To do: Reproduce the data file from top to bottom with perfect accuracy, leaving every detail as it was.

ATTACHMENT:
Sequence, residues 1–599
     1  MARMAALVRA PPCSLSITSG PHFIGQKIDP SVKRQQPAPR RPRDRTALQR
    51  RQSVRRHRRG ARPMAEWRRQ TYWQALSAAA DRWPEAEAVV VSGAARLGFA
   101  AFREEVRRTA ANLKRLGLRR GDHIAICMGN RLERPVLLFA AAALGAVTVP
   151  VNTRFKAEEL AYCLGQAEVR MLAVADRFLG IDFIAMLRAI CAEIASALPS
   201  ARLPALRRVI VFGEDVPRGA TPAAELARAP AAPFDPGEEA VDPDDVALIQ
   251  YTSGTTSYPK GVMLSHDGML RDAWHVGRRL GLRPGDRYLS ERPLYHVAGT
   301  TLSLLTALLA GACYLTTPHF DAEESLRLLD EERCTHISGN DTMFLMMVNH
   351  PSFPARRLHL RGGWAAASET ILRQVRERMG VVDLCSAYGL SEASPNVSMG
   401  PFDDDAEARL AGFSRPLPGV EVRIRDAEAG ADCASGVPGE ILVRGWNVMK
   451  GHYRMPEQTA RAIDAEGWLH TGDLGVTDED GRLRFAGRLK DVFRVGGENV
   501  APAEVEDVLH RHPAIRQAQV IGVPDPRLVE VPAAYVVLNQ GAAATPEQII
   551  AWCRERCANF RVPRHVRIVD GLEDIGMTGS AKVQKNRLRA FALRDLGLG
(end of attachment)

Sequence, residues 1–599
     1  MARMAALVRA PPCSLSITSG PHFIGQKIDP SVKRQQPAPR RPRDRTALQR
    51  RQSVRRHRRG ARPMAEWRRQ TYWQALSAAA DRWPEAEAVV VSGAARLGFA
   101  AFREEVRRTA ANLKRLGLRR GDHIAICMGN RLERPVLLFA AAALGAVTVP
   151  VNTRFKAEEL AYCLGQAEVR MLAVADRFLG IDFIAMLRAI CAEIASALPS
   201  ARLPALRRVI VFGEDVPRGA TPAAELARAP AAPFDPGEEA VDPDDVALIQ
   251  YTSGTTSYPK GVMLSHDGML RDAWHVGRRL GLRPGDRYLS ERPLYHVAGT
   301  TLSLLTALLA GACYLTTPHF DAEESLRLLD EERCTHISGN DTMFLMMVNH
   351  PSFPARRLHL RGGWAAASET ILRQVRERMG VVDLCSAYGL SEASPNVSMG
   401  PFDDDAEARL AGFSRPLPGV EVRIRDAEAG ADCASGVPGE ILVRGWNVMK
   451  GHYRMPEQTA RAIDAEGWLH TGDLGVTDED GRLRFAGRLK DVFRVGGENV
   501  APAEVEDVLH RHPAIRQAQV IGVPDPRLVE VPAAYVVLNQ GAAATPEQII
   551  AWCRERCANF RVPRHVRIVD GLEDIGMTGS AKVQKNRLRA FALRDLGLG